Baltimore has five pitchers who will be arbitration-eligible for the first time. That includes 2019 All-Star John Means, who, along with 2021 All-Star center fielder Cedric Mullins — a potential Super 2 who, like Santander, would have four years of arbitration — Elias said the Orioles never seriously explored trades for. Fellow starting pitcher Jorge López is an interesting case, given that his performance hasn’t lived up to the potential his stuff suggests he has.
Fry and Scott have formed one of baseball’s best left-handed relief tandems over the past couple of seasons, though Scott struggled with his command before landing on the injured list Sunday with a left knee sprain. The Orioles talked with teams about both, but never got an offer they thought worthwhile to move pitchers who could be part of the back end of their bullpen through 2024.
Adam Plutko has a 7.92 ERA in 20 outings since mid-May. He’ll need to whittle that down for the Orioles to consider tendering him.
Rule 5 draft-eligible prospects
Teams have a certain amount of time after players sign to add them to their 40-man roster. Otherwise, they become available to other organizations through the Rule 5 draft.
In the past two seasons, Baltimore has protected 10 prospects from the draft, all of whom had played at least Double-A before being added to the roster. Seven of them have played for the Orioles at some point this year.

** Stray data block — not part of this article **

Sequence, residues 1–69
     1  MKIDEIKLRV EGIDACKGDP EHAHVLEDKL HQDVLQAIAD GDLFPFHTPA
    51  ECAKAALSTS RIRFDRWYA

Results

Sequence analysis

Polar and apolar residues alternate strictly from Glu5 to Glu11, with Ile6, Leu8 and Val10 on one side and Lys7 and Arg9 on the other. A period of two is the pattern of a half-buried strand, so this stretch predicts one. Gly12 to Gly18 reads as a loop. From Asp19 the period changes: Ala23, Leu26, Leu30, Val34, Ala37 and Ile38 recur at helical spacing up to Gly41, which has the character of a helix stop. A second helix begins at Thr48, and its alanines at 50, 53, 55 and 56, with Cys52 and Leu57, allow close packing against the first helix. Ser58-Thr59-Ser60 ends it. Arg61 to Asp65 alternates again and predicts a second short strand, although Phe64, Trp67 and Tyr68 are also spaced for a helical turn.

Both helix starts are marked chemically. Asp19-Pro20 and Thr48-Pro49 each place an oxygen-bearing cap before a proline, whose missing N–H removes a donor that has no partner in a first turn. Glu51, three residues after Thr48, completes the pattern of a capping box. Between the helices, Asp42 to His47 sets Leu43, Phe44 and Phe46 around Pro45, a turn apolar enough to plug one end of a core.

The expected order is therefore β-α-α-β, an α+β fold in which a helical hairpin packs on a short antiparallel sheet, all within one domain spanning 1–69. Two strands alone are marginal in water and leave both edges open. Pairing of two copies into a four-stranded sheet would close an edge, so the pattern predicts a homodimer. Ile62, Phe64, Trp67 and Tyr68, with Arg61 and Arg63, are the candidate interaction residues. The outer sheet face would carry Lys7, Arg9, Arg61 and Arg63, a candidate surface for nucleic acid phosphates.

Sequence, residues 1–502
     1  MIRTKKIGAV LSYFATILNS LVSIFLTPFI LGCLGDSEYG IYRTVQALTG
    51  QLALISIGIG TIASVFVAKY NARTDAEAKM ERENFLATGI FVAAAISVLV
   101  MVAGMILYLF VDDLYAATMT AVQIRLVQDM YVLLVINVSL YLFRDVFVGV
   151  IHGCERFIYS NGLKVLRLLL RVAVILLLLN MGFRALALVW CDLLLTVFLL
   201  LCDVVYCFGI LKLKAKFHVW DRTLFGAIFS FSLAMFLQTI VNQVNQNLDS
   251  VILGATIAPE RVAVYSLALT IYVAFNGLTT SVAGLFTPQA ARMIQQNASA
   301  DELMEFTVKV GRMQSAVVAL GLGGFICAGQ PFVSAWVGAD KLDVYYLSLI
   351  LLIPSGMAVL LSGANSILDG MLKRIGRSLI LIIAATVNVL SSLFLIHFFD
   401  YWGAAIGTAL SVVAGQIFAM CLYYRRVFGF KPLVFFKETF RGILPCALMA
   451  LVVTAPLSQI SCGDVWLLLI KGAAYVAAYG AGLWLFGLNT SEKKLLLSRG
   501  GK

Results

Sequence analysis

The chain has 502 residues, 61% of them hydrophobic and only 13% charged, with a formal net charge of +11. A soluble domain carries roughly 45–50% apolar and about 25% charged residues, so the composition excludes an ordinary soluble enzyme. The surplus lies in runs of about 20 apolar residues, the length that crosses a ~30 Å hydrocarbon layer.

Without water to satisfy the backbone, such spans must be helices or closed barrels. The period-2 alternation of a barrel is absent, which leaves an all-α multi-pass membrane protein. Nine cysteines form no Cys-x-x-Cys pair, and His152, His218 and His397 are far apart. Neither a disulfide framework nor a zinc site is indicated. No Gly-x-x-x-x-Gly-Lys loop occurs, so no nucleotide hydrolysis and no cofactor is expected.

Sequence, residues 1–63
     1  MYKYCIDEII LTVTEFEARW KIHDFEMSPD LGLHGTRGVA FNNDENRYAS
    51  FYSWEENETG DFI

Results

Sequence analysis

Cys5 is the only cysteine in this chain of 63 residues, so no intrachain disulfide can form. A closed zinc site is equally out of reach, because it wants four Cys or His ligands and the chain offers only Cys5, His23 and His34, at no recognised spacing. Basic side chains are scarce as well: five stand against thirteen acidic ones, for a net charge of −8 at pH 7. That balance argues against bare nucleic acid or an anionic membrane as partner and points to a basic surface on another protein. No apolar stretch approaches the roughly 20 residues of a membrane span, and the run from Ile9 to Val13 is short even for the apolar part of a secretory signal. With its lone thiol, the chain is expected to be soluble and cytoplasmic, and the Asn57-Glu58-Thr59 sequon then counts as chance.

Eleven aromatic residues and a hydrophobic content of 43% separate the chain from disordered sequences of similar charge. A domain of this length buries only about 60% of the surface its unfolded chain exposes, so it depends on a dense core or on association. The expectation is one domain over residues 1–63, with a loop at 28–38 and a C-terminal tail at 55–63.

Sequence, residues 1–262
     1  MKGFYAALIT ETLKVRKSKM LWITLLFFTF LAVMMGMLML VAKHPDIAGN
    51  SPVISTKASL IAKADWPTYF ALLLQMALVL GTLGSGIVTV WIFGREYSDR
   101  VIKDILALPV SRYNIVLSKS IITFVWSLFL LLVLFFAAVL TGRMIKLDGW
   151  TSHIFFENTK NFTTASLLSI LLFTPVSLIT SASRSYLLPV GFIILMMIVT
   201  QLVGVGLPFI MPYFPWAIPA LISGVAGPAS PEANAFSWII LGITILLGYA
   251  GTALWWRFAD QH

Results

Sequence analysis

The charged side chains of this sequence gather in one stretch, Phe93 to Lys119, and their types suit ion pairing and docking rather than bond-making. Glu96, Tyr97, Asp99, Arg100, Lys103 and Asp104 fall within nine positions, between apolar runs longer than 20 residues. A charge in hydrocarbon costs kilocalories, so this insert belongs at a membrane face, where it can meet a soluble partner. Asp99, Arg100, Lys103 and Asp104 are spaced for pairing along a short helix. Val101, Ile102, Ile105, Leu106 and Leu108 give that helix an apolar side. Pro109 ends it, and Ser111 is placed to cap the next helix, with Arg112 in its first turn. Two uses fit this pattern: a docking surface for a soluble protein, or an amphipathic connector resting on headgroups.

It’s possible that space cleared moving some of the names mentioned above will open 40-man roster spots for these players. There are seemingly three locks in this year’s eligible class, and they’re all starting pitching prospects. Left-hander DL Hall, the Orioles’ preseason No. 3 prospect according to Baseball America, dominated at Double-A Bowie before suffering a season-ending elbow injury, but it’s doubtful the Orioles risk exposing their 2017 first-round pick.
Right-hander Kyle Bradish (No. 12) and left-hander Kevin Smith (No. 18) are at Triple-A Norfolk after being acquired in trades, with Bradish being one of four pitchers the Orioles got from the Los Angeles Angels for Dylan Bundy and Smith being half the return from the New York Mets for Miguel Castro.
Two ranked infielders have cases. Terrin Vavra (No. 22), who the Orioles got from the Colorado Rockies as part of the package for Mychal Givens, has posted an .860 OPS with Bowie when healthy. Adam Hall (No. 16) has yet to play above High-A and is out until mid-August with a quad strain.
Other candidates include three 2018 draftees: 37th overall pick Cadyn Grenier, third-rounder Blaine Knight and fifth-round pick Robert Neustrom.
What’s to come?
The Orioles make their first visit to Yankee Stadium since the season’s first week for a three-game series to open a stretch where 13 of 16 games are against the American League East. The New York Yankees are not the juggernaut they were expected to be entering this year, but they bought at the deadline and remain in playoff contention.